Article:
CLAIM: A Facebook user alleges that electricity has gone off in France due to Niger’s military cutting off ties with France and lack of supply of Ethereum.
VERDICT: False! The video used in the post is old footage that has been recirculating since 2022. The alleged incident of France not having an electricity supply happened in Niger’s French Embassy, not France.
Niger’s soldiers on July 26, 2023, announced a coup; imposing a curfew and closing borders in the country, saying the nation’s constitution had been dissolved and all institutions suspended.
The military junta had also revoked the diplomatic immunity of France’s ambassador in the country and ordered police to expel him, according to a statement from the military regime.
Recent news also revealed that Niger owes Nigeria more than $5.48 million in electricity. According to the Nigerian Electricity Regulation Commission (NERC), Benin Republic owes Nigeria $7.31 million and Togo $3.32 million for electricity.
On Sept. 2, 2023, thousands of protesters gathered outside a French military base in Niger’s capital demanding that its troops leave in the wake of a military coup that has support but which Paris refuses to recognise.
Following this development, Cwilliams TV on Facebook posted a three-minute video. In it, a man is seen explaining that electricity has gone off in France and the European countries are not of help to Africans. He also said France can not provide 24-hour electricity less than a year after being chased out of Niger.
In the video, he also uploaded some pictures with lights out on the street of France, stating that the country was getting uranium from Niger to power their nation.
When this news was filed, the post generated a total of 8,800 likes, 919 comments, and 266,000 shares.
The implication of the news on bilateral relations and the reactions it gathered made us run a fact-check.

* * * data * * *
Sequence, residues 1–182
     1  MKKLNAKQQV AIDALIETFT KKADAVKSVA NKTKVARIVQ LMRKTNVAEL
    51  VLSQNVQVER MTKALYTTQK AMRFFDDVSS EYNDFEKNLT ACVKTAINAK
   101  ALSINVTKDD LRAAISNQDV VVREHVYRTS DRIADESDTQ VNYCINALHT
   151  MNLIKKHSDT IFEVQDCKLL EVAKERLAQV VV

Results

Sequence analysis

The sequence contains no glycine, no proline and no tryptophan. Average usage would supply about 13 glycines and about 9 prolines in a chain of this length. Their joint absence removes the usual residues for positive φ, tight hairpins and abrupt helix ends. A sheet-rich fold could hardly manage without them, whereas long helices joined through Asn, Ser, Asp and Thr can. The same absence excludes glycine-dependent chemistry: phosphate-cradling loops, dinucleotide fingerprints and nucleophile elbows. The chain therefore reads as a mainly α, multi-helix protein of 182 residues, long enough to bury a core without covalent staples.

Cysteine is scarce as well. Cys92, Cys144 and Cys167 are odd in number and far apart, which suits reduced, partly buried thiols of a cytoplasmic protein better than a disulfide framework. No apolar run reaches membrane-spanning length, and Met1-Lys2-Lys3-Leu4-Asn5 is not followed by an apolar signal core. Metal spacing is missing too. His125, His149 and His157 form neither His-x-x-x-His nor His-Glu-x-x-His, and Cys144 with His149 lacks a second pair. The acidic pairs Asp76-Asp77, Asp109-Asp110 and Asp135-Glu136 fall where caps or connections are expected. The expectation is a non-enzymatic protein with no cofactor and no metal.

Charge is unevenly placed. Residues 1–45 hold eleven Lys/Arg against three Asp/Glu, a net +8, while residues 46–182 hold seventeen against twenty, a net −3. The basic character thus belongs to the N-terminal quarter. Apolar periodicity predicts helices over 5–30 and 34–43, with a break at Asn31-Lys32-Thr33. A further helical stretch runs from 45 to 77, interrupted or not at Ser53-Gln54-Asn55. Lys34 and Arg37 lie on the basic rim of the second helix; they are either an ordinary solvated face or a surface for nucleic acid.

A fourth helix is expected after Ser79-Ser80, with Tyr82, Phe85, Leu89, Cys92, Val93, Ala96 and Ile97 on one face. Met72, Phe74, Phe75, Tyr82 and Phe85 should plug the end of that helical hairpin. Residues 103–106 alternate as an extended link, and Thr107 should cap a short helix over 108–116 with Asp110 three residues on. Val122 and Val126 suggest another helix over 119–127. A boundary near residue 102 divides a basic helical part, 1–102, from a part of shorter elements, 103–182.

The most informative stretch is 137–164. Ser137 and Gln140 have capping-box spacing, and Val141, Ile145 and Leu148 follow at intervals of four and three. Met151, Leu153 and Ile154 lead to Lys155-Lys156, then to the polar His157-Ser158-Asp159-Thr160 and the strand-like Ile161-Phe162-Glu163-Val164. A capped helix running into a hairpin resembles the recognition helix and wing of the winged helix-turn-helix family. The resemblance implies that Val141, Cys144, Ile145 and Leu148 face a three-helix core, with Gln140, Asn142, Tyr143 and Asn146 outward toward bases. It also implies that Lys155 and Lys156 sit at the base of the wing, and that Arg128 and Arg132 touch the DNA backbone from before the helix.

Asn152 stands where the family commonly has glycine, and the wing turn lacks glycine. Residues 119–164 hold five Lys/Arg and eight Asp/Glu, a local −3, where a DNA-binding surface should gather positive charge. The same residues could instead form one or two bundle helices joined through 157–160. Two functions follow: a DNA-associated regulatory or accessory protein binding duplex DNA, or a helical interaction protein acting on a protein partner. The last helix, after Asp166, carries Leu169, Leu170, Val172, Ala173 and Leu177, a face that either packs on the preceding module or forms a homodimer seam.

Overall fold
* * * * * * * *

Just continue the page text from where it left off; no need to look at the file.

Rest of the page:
We went through the pictures inserted in the post and saw some headlines under it. We then ran an advanced keyword search on the headline and saw that the images used were old pictures from 2022.
We found the original video on YouTube with the headline:
“Lights out for public buildings in France’s Lille amid global energy crisis,” dated Sept. 11. 2022.
The Newscaster explained that Europe is facing an energy crunch, and the Russian invasion of Ukraine triggered the situation. The lighting of public buildings was stopped in the city of Lille in northern France to reduce energy consumption in 2022.
“We wished to announce energy sobriety measures quickly, and among the easiest to put in place was (to stop) lighting public buildings, because it was painless for Lille residents. The fact that we have reduced lighting allows us to save 170,000-kilowatt hours, or around 30,000 euros,” deputy to the Lille mayor in charge of ecological transition Audrey Linkenheld said.
We also did a keyword search to see if other news had reported it and saw that Daily Trust had reported on Aug. 28, 2023, that Niger military leadership had cut off electricity and water supplies to the French Embassy in the capital Niamey with no food deliveries allowed.
This means electricity was cut off in the French Embassy, not the country.
Electricity was not cut off in France because of the Niger coup; it is an old video recirculated from 2022. Also, the electricity was cut in the French embassy in Niger, not France.